While all of that is important, should patients start asking which Electronic Medical Record a prospective doctor uses?
       At first glance, it doesn’t really seem to be something that a patient would care about. Patients have enough to worry about, let their physician worry about the Electronic Medical Record, or EMR.  There may be some reasons that you may want to include an EMR into your decision making process.
Physicians spend a significant percentage of their day using the EMR.  From scheduling an
appointment to checking in to prescribing medications to reviewing test results, the EMR is at the center of any clinic.  Does your physician like their computer-1149148_1920EMR?  Does it make them more or less efficient?  Will your care suffer if the EMR drags your doctor down and causes them to be chronically late and attentive only to the computer screen, not to you the patient?  The EMR is the tool physicians use to make their encounter notes, and those notes are the basis for insurance coverage, referrals and prior authorizations.  Is the EMR good enough to make it easy for your physician to create good notes?  Is it portable, can your doctor easily access it at home or when out of the office?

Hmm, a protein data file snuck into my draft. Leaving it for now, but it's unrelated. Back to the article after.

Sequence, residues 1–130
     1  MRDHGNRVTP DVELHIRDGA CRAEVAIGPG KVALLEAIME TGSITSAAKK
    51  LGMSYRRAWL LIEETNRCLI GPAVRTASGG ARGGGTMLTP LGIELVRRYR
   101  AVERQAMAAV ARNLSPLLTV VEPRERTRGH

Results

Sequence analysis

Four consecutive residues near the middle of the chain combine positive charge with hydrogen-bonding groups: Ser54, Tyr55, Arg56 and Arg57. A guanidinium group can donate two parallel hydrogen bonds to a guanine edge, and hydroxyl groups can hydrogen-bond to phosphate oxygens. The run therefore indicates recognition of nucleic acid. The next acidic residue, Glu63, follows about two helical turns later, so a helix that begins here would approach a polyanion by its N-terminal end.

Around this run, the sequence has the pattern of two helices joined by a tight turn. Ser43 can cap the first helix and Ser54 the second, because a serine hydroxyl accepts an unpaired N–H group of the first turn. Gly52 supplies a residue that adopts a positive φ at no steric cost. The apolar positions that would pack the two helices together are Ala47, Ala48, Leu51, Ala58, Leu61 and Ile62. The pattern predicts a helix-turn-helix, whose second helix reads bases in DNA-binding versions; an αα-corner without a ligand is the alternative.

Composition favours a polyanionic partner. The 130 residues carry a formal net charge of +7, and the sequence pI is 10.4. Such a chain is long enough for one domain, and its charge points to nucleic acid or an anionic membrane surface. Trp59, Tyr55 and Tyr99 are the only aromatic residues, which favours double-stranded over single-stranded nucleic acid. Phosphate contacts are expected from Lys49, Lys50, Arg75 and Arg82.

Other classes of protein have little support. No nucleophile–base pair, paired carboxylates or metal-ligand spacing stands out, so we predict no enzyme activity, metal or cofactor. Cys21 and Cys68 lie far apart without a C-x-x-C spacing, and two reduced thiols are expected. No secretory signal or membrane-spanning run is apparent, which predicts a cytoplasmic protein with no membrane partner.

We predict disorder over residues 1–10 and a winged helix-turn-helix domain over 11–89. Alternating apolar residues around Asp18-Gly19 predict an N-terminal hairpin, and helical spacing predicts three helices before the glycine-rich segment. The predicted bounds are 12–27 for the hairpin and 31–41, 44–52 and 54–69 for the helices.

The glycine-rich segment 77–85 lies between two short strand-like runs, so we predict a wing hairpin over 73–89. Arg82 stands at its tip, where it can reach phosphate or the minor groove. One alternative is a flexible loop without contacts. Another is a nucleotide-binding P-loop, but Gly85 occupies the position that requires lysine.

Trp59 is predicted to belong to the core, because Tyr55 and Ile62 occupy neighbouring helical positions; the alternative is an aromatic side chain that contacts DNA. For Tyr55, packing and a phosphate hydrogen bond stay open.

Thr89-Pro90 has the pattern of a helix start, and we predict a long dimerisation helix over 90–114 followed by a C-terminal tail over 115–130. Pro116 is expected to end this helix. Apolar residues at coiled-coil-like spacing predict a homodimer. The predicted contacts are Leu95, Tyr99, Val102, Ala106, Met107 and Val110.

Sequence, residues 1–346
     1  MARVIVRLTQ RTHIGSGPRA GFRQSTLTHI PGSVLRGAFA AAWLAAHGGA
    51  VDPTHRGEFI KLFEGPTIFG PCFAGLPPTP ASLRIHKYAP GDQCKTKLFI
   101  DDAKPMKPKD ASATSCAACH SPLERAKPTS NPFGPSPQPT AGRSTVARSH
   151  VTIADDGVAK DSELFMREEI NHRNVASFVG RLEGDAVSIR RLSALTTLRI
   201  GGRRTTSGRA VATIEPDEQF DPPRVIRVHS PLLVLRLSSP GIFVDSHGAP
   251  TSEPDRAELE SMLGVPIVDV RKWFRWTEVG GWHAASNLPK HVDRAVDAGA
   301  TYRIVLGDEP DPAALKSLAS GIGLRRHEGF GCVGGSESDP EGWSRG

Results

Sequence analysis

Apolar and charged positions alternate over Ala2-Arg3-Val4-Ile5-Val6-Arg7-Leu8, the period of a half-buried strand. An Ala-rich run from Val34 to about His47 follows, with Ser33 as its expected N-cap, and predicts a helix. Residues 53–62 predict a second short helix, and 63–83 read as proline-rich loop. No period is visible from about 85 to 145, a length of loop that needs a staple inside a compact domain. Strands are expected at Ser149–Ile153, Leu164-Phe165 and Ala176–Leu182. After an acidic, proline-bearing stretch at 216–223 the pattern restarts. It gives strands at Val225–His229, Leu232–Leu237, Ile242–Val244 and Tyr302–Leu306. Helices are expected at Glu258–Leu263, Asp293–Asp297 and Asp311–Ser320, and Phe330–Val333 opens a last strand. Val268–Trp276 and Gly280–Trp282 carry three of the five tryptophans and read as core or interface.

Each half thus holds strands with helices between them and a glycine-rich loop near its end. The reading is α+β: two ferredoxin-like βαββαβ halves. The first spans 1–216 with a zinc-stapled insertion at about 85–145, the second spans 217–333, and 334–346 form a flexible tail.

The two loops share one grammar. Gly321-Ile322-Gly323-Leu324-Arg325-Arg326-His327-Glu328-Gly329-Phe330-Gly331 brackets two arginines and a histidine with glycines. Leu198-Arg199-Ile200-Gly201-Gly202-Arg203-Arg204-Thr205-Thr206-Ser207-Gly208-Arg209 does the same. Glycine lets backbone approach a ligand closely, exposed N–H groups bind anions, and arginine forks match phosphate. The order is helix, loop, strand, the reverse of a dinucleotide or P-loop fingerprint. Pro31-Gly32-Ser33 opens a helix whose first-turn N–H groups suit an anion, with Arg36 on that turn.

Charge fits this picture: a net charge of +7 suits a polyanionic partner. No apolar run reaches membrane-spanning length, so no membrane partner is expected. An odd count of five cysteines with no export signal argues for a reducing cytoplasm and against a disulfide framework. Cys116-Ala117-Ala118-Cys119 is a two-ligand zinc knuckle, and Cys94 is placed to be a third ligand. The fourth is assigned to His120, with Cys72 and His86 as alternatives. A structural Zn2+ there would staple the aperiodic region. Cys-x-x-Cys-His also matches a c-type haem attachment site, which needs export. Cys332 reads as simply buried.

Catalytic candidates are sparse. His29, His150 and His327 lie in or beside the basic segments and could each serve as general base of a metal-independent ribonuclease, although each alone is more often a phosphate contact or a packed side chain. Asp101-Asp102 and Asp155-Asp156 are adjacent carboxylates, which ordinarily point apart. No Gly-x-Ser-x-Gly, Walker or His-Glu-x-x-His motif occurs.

Most EMR’s can not integrate with EMR’s at other healthcare institutions.  Many people will have more than one physician that they receive care from.  Can those physicians use their EMR to communicate?  Can your physician’s EMR provide information to the local hospital if you are admitted for an illness, or will they have to wait for your doctor’s staff to print out your chart and fax it in?  Are you going to have to tell your medical history every time you see a different doctor or go to a different clinic?